Information Technology Services (ITS)
Computing is an integral part of the academic environment at Grinnell College— a resource analogous to library resources. The College provides an exemplary computing environment in which all members of the college community can use computing to enhance educational activities. The College's goals are for every student to attain familiarity with computing concepts, to use computers as tools to accomplish educational goals, and to develop an understanding of the impact that computers have on society.
Access for students, faculty, and staff is provided through approximately 1,000 personal computers and workstations located in residence halls, classrooms, offices, laboratories, Burling Library, and at off-campus locations. Distributed printing devices include laser and ink jet printers. All residence hall rooms have high-speed network connections and wireless access.
Linux workstations in the Department of Mathematics and Computer Science provide an outstanding graphics and programming environment. These workstations are available for use by all Grinnell students. A fiber-optic backbone connects all academic buildings and provides a connection to the central systems in Lazier Hall and to the Internet.
All students regularly take advantage of the free and almost unlimited computer access during their years at Grinnell. Also, nearly all faculty members use computing extensively in teaching and research activities. Student organizations such as the Student Government Association, KDIC radio station, and the Scarlet and Black student newspaper have found computing helpful in their activities.
Each semester, ITS hires 30 to 35 student user consultants. The user consultants work in the computer laboratories, providing assistance to computer users experiencing problems using the systems. Student assistants often are employed during the summer months as well. The summer positions offer a unique opportunity for students to work on advanced computing projects and develop computing and consulting skills, working in close cooperation with faculty members and ITS staff members. A Student Technology Advisory Committee, representing student computer users, serves as an advisory group to ITS. The committee meets regularly to discuss computing policies and procedures, and advises the staff about matters affecting student computer use.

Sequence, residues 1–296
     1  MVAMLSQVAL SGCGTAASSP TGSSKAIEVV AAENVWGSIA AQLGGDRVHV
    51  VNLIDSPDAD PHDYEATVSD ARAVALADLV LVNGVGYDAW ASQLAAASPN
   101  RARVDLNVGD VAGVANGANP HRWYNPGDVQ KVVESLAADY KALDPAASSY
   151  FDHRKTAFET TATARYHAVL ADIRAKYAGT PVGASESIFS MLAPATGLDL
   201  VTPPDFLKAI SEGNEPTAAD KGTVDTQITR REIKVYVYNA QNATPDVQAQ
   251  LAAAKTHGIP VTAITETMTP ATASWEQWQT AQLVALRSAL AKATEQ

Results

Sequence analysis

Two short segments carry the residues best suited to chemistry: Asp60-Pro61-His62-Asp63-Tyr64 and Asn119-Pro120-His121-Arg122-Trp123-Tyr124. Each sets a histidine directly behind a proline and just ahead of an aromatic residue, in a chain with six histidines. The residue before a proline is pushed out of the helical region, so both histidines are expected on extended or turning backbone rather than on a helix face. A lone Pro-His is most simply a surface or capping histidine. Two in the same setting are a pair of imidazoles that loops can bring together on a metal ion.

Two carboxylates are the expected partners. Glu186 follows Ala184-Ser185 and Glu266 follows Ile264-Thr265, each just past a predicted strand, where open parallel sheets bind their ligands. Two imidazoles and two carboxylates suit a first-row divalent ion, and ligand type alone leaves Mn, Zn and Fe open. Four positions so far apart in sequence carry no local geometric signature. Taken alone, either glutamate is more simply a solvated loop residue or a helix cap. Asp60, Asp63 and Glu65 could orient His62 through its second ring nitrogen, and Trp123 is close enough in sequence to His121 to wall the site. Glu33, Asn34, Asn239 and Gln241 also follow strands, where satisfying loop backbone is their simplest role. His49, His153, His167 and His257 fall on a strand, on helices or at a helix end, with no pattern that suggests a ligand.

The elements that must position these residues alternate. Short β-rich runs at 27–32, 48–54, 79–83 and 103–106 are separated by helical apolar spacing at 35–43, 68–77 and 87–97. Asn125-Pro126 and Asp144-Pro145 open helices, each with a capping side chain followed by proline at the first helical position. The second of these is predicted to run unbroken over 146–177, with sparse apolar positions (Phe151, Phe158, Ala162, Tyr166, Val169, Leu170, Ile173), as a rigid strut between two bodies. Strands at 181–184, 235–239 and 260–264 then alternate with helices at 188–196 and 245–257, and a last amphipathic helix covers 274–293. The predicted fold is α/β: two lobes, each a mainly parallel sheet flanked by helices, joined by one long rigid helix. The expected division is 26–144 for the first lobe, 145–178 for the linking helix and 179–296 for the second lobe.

The College is committed to having an academic computing program that is among the very best in the country. Substantial resources are devoted to building the College's program in quantitative studies, developing new computer applications in the humanities, and constructing a network of computing hardware and software resources that supports the continuing growth of academic computing applications.
The eight professional librarians and 15 support staff of the Grinnell College Libraries— Burling Library, the Kistle Science Library, and the Curriculum Library are dedicated to helping students and faculty succeed in learning, teaching, and research. The libraries hold ca. 775,000 volumes, 33,000 audio and video recordings, 25,000 microforms, and have active subscriptions to 2,600 serial titles in paper and microform and almost 20,000 electronic journal titles. Library services emphasize working closely with students to develop fluency in the use and evaluation of information sources as they conduct research and other intellectual investigations, and include individualized research assistance (library labs), classroom instruction, and drop-in reference assistance.
The libraries provide more than 470 individual student study spaces; access to networked computers (both PC and Mac); a listening/viewing room for music and video recordings; specialized collections in African American, East Asian, and Latino history and culture, and in prairie studies; and the College Archives. Books and journal articles not held by the libraries may be acquired through interlibrary services. The libraries' website provides information about the libraries and access (both on and off campus) to electronic and print resources (journals, databases, books, websites, and more).